RIGGING THE FORE, MAIN, AND MIZZENMASTS.—Before the trestletrees are sent up, white lead the mast-head in the wake of them, overhaul down the girtlings, and bend on the trestle-trees, with the after chock out, "sway away;" when above the bibbs, slip the stops so as to let them come down gradually into their places; then the after chock is sent up, let in, and bolted. Tar the mast-head in the way of the rigging, overhaul again the girtlines for the bolsters, which are covered well with tarred canvas-sway them aloft and stop them. The girtline blocks are now lashed to the after part of the trestle-trees. Next the shrouds are hoisted over the mast-head-the starboard forward shroud first, then the port, and so on, alternately, taking care that the seizing aloft bears in a parallel direction, between the two lower dead-eyes which the shrouds will be set up to. As each pair of shrouds are put over the mast-head, drive them down as close as possible; the stay is now to be placed abast, and below all.
To RIG A BOWSPRIT.-Lash collars for the forestay, bobstays, and bowsprit shrouds, and put on tho bees for the topmast stays; fit the manropes, pass the gammoning, and set up bobstays and shrouds.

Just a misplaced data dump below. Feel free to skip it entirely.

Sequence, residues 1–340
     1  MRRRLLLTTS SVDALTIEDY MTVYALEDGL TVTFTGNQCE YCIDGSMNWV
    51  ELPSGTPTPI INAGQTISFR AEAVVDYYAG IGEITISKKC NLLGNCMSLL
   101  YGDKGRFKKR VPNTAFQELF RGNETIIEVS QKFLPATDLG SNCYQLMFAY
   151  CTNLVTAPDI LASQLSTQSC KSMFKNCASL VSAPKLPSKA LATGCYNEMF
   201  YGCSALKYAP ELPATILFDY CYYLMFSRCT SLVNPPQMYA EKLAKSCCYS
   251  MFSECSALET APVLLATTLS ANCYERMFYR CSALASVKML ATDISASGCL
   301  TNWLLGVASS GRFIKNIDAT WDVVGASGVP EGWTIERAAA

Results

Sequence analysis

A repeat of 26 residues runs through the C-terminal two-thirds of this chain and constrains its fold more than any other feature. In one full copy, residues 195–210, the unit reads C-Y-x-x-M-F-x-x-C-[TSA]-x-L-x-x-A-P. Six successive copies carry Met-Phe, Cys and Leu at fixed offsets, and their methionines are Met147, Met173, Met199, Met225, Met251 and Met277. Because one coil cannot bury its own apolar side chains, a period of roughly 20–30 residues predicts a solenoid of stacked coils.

TO SEND UP A TOPMAST.-Get the topmast alongside, with its head forward. Lash a top-block to the head of the lower-mast, reeve a mast-rope through it from aft forward, and bring the end down through the trestle-trees and reeve it through the sheave-hole of the topmast, hitching it to its own part a little below the topmast head, and stopping both parts to the mast at intervals. Snatch the
sway away. As soon as the head is through the lower cap, cast off the end of the mast-rope, letting the mast hang by the stops, and hitch it to the staple in the other end of the cap. Cast off the stops, and sway away.
Point the head of the mast between the trestle-trees and through the hole in the lower cap, the round hole of which must be put over the square hole of the trestle-trees. Lash the cap to the mast, hoist away, and when high enough, lower a little and secure the cap to the lowermast-head. (This is when it cannot be put on by hand.) TO SEND TOPMAST CROSS-TREES UP.